For me, though, it’s shocking. Seven years of experience on the road has trained me to expect to remember everything, and to feel that each day is an endless opportunity to explore, internally and externally. Those moments in between, the connective tissue between visible mind-muscles, are valuable to me. Waking up and realizing that a whole week has gone by with relatively few memorable moments to show for it is incredibly disconcerting.
Time is relative. Brilliant scientists are still debating whether it’s even a thing. But we do know that our measurement of it is subjective. The metrics we use are consistent, but they are not, themselves, relevant beyond the fact that we’ve agreed that these are the units we’ll use. There’s nothing meaningful about a second, or a minute, or an hour, or a day, or a year, except that they refer to the rough movement of our planet in relation to our star. These are useful units of time only because we all agreed to abide by them a long time ago.
But off-planet, these units would be meaningless. If we colonize Mars, we’ll need to artificially provide night and day, forever, or evolve and adjust to a new measurement of time more connected to the local conditions. In science fiction they often bypass this issue by inventing things like the Basic Solar Year, which humans in space still adhere to, even when living around far-off stars or on ships far from any planets. This is useful in explaining how much time has elapsed to Earth-bound people reading about it, but wouldn’t make much sense for those spacefaring humans whose new realities, whose new priorities, were no longer served by that particular method of measurement.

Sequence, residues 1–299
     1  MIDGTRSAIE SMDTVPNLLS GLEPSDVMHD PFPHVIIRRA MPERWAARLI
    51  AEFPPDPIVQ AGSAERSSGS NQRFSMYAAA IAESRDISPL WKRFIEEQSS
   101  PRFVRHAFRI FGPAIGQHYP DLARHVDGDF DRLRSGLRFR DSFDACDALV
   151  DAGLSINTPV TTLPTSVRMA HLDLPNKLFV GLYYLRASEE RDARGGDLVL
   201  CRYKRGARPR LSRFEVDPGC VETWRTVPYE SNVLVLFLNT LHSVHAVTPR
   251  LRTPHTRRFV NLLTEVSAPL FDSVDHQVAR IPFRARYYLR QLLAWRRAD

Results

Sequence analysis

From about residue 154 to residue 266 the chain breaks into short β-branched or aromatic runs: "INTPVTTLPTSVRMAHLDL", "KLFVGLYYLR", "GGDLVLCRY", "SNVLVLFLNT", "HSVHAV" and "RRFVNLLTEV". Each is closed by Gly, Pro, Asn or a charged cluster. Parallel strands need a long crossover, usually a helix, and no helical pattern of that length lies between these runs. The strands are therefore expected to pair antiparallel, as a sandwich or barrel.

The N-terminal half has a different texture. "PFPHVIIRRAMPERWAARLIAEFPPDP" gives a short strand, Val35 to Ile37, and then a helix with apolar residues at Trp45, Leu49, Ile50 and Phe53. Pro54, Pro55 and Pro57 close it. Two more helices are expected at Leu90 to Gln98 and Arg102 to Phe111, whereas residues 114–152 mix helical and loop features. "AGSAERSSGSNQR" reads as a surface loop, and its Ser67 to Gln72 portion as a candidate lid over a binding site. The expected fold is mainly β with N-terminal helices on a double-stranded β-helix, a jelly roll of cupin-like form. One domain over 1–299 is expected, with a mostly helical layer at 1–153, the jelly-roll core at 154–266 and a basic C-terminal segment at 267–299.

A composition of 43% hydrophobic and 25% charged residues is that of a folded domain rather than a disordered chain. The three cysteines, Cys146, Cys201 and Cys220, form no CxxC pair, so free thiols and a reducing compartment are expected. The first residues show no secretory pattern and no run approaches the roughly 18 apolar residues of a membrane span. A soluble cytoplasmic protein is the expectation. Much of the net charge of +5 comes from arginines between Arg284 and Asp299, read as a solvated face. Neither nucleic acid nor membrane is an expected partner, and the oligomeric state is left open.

There are good, practical reasons to maintain a grasp on how everyone else is measuring time. But especially in terms of our own memories and how we recall them, it seems prudent to stay flexible, and to allow ourselves to experiment and play.
It’s worth noting that novelty and learning seems to break us free from mind-blanking time-loops. Take a new route to work, and you’ll be more likely to remember your commute. Try preparing a new recipe for dinner, and you’ll be more likely to remember your evening. Have a challenging discussion about uncomfortable topics with a friend or willing stranger, and you’ll be more likely to remember that conversation, and the time you spend ruminating about it days later.
Think about what units you currently use to mark time, and how relevant those units are to what you value, and what you hope to measure.
Ideally, we tether our memories to things that are integral to our happiness, rather than things that simply happen regularly, predictably, and without adding much flavor to our day. It’s not easy to realign this foundation once it’s been poured, but if you’re able to do so, you stand a decent chance of reclaiming and annotating moments of your life that might otherwise be lost to the passing of time.